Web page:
Sapphire Gem Quiz

1) What colour are sapphires?

2) What do you call a red sapphire?

3) Which famous gem was once used as a doorstop?

4) What is a star sapphire?

Answers: 1. blue, yellow, pink, purple, orange, brown, black, green or colourless. 2. Red sapphires are called rubies. Sapphires and rubies are different shades of the same mineral — corundum. 3. The Black Star Sapphire of Queensland was used as a doorstop by someone in the Rubyvale area. Its original uncut weight was 1,156 carats and its estimated value in 2002 was $100 million. 4. Star sapphires contain intersecting needle-like inclusions that cause the appearance of a six-rayed star-shaped pattern when viewed with an overhead light source.

Debbie Olsen is a Lacombe-based freelance writer. If you have a travel story you would like to share or know someone with an interesting travel story who we might interview, please email: DOGO@telusplanet.net or write to: Debbie Olsen, c/o Red Deer Advocate, 2950 Bremner Ave., Red Deer, T4R 1M9.

Just Posted

Men posing as repo men attempt to steal vehicle in Red Deer County

Two men attempted to steal a utility vehicle from a Red Deer… Continue reading

Red Deerian spreads kindness with one card at a time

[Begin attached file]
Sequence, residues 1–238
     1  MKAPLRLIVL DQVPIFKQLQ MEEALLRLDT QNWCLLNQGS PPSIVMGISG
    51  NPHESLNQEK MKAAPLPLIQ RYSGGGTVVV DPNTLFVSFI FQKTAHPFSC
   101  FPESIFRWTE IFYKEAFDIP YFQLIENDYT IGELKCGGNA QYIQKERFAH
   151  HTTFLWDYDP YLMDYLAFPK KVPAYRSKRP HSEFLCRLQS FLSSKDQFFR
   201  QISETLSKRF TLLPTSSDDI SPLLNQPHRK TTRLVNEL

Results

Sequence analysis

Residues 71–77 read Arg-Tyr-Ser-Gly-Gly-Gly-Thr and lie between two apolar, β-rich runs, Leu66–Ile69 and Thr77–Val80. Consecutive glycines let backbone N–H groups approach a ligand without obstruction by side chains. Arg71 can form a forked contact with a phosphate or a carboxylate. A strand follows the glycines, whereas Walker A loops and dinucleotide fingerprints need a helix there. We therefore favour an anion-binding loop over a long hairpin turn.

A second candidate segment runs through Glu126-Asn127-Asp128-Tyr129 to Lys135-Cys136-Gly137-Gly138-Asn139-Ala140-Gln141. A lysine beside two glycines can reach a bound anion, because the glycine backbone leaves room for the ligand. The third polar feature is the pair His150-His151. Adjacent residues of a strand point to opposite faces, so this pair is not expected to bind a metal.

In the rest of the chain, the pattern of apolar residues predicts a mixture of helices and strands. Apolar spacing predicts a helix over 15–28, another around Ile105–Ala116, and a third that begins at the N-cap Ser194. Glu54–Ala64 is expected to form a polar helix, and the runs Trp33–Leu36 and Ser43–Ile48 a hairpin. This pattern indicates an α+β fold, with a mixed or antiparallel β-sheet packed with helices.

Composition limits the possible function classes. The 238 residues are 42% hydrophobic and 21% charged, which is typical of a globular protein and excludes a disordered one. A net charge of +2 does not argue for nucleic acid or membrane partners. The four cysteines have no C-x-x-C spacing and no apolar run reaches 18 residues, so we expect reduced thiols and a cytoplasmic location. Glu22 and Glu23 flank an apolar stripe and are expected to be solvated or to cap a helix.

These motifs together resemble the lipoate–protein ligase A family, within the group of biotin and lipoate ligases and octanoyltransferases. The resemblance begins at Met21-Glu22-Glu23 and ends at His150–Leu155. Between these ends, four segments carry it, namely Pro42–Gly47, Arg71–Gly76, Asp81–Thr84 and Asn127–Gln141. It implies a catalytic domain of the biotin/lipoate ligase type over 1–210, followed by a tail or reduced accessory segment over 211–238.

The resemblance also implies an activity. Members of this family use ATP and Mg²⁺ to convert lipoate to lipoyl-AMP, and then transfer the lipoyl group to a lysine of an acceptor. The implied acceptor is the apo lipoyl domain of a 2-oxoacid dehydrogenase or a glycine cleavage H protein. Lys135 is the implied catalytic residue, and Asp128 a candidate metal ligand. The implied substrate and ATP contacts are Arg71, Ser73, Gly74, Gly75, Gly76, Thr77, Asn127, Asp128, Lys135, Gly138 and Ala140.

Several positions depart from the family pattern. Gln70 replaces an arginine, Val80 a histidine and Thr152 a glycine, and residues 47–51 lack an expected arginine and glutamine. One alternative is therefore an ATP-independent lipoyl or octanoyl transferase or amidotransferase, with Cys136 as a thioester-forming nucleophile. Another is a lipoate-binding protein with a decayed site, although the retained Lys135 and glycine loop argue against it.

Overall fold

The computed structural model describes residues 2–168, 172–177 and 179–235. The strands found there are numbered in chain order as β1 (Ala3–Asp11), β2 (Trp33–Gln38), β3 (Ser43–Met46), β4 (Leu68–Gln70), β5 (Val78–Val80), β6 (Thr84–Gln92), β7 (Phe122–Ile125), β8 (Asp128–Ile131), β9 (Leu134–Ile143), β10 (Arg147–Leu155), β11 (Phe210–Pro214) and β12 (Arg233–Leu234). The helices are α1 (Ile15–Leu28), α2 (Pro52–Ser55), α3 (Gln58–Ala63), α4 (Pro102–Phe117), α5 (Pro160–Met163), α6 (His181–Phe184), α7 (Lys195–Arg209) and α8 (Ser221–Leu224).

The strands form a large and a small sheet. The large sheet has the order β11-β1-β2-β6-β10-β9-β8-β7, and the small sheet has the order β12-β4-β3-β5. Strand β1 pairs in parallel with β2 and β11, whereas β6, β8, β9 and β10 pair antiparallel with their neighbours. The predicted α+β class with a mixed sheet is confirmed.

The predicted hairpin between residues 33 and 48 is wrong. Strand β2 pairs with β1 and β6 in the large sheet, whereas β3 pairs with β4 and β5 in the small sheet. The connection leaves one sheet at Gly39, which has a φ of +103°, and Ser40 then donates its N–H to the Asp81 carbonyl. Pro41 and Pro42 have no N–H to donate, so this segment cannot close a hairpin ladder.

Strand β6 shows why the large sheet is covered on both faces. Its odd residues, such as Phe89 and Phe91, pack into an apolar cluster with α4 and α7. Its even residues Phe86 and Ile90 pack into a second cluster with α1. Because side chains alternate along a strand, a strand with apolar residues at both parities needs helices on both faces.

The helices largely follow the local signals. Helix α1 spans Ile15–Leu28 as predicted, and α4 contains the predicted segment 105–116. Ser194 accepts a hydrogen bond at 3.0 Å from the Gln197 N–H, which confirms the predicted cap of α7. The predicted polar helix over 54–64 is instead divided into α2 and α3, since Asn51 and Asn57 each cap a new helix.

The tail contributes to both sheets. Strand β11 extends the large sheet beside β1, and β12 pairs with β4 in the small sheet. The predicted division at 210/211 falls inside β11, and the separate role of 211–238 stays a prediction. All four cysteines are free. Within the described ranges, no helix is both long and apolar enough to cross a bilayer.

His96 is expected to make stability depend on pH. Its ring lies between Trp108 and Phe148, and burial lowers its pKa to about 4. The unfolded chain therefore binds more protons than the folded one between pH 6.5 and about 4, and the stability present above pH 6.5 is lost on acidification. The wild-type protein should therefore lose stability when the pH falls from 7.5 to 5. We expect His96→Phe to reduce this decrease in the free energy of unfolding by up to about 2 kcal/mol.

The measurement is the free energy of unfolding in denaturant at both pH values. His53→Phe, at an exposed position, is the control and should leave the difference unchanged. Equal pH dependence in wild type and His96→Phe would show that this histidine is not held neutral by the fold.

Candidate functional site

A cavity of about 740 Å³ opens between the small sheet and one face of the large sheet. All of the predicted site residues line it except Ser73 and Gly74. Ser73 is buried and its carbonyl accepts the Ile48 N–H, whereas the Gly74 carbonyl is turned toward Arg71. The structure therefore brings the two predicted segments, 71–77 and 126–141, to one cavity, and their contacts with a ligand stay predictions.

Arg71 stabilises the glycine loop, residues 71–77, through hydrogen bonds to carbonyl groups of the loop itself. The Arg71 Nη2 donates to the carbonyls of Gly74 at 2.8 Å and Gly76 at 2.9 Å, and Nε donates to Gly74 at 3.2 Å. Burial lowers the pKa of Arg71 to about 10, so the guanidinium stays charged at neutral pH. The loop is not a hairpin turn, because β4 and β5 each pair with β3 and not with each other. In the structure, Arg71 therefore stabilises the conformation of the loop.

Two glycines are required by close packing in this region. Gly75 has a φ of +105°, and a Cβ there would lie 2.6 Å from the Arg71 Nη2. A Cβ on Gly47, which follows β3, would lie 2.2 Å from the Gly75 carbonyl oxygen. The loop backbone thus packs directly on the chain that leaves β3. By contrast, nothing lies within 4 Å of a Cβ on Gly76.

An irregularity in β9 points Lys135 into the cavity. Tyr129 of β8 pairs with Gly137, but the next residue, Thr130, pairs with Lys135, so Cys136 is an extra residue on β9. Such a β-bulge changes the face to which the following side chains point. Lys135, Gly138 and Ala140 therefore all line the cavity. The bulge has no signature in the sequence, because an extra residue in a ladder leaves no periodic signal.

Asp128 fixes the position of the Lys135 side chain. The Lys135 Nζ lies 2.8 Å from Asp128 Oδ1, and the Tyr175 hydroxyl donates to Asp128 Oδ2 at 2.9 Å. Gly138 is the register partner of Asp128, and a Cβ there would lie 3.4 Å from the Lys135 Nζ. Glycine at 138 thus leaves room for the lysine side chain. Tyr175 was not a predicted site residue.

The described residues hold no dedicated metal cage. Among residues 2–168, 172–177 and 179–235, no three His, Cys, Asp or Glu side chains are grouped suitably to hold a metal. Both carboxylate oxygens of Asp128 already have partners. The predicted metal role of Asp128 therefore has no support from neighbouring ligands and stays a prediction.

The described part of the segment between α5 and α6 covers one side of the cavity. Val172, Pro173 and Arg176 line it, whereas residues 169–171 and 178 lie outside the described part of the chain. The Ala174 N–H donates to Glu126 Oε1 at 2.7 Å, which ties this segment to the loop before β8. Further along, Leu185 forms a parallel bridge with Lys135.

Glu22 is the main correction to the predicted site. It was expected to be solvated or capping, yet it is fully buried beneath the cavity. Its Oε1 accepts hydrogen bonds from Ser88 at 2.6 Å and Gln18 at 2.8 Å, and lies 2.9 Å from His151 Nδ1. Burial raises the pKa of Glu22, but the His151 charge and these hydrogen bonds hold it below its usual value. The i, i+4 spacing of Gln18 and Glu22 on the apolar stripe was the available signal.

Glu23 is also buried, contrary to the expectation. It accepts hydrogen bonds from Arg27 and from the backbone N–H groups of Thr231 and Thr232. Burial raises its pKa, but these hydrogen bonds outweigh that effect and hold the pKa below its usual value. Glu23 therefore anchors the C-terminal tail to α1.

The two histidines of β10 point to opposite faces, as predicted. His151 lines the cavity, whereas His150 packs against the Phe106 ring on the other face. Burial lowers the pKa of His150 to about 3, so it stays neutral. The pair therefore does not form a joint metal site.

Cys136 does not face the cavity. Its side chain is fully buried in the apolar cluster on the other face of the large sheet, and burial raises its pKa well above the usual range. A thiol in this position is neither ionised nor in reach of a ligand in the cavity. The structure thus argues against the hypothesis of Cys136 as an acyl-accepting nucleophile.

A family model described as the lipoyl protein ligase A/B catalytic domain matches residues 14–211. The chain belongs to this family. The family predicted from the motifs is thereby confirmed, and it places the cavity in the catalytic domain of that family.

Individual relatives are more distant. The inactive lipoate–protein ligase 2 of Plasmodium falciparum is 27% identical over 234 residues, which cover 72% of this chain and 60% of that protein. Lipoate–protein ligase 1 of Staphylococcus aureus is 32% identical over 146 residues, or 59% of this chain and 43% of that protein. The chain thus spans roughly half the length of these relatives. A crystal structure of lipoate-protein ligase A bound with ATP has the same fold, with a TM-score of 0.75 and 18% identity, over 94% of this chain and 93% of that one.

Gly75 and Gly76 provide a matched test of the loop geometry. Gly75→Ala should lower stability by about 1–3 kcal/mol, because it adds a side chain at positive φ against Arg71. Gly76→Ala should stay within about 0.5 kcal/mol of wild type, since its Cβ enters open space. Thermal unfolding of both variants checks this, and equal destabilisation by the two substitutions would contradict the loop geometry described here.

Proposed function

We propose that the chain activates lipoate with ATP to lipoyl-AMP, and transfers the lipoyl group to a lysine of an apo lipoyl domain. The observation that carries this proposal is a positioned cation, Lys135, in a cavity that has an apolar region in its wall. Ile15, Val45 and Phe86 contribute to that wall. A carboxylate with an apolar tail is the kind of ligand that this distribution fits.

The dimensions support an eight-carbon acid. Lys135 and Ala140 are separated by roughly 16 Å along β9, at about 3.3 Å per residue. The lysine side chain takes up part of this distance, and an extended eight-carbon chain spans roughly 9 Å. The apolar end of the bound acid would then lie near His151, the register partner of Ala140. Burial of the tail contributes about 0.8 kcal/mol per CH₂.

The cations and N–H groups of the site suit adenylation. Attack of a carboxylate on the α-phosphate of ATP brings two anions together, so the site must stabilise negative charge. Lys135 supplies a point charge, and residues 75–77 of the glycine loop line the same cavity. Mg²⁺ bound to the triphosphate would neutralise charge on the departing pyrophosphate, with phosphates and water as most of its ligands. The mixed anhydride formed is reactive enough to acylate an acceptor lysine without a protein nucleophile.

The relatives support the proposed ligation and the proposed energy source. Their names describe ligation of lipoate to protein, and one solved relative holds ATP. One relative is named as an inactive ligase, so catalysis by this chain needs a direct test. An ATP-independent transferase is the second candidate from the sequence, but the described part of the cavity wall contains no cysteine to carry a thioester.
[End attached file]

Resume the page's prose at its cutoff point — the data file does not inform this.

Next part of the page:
One Red Deerian wants to combat bullying by spreading kindness in the… Continue reading

Bowden baby in need of surgery

“Help for Alexis” Go Fund Me account

PHOTO: First Rider bus safety in Red Deer

Central Alberta students learned bus safety in the Notre Dame High School… Continue reading

WATCH: Annual Family Picnic at Central Spray and Play

Blue Grass Sod Farms Ltd. held the Annual Family Picnic at the… Continue reading

Woman has finger ripped off at West Edmonton Mall waterslide

SASKATOON — A Saskatchewan woman says she lost a finger after her… Continue reading

Uncertainty looms over Canada’s cannabis tourism, but ambitions are high

TORONTO — Longtime marijuana advocate Neev Tapiero is ready for the cannabis-driven… Continue reading

Feds mulling safeguards to prevent ‘surge’ of cheap steel imports into Canada

OTTAWA — The federal government extended an olive branch of sorts to… Continue reading

Ontario govt caps off summer session by passing bill to cut Toronto council size

TORONTO — The Ontario government passed a controversial bill to slash the… Continue reading

Updated:Italian bridge collapse sends cars plunging, killing 26

MILAN — A 51-year-old highway bridge in the Italian port city of… Continue reading

Saudi Arabia spat affecting Canadians embarking on hajj, community members say

TORONTO — Members of Canada’s Muslim community say recent tensions between Ottawa… Continue reading

Tug carrying up to 22,000 litres of fuel capsizes in Fraser River off Vancouver

VANCOUVER — The smell of diesel filled the air as crews worked… Continue reading

Nebraska executes first inmate using fentanyl

LINCOLN, Neb. — Nebraska carried out its first execution in more than… Continue reading

Most Read


Five-day delivery plus unlimited digital access for $185 for 260 issues (must live in delivery area to qualify) Unlimited Digital Access 99 cents for the first four weeks and then only $15 per month Five-day delivery plus unlimited digital access for $15 a month